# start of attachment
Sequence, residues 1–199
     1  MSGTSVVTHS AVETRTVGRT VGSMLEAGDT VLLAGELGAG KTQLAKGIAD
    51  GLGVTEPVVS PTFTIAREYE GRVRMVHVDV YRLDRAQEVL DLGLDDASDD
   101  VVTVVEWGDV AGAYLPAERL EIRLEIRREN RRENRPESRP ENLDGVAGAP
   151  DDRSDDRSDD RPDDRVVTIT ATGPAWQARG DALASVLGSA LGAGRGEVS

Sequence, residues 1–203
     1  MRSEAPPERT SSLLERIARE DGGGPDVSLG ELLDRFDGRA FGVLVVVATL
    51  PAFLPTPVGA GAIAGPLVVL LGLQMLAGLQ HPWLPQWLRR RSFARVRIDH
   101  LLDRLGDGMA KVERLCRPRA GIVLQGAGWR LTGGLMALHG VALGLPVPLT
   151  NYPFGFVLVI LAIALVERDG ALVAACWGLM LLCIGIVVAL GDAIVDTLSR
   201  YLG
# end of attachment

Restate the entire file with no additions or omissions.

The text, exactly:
Sequence, residues 1–199
     1  MSGTSVVTHS AVETRTVGRT VGSMLEAGDT VLLAGELGAG KTQLAKGIAD
    51  GLGVTEPVVS PTFTIAREYE GRVRMVHVDV YRLDRAQEVL DLGLDDASDD
   101  VVTVVEWGDV AGAYLPAERL EIRLEIRREN RRENRPESRP ENLDGVAGAP
   151  DDRSDDRSDD RPDDRVVTIT ATGPAWQARG DALASVLGSA LGAGRGEVS

Sequence, residues 1–203
     1  MRSEAPPERT SSLLERIARE DGGGPDVSLG ELLDRFDGRA FGVLVVVATL
    51  PAFLPTPVGA GAIAGPLVVL LGLQMLAGLQ HPWLPQWLRR RSFARVRIDH
   101  LLDRLGDGMA KVERLCRPRA GIVLQGAGWR LTGGLMALHG VALGLPVPLT
   151  NYPFGFVLVI LAIALVERDG ALVAACWGLM LLCIGIVVAL GDAIVDTLSR
   201  YLG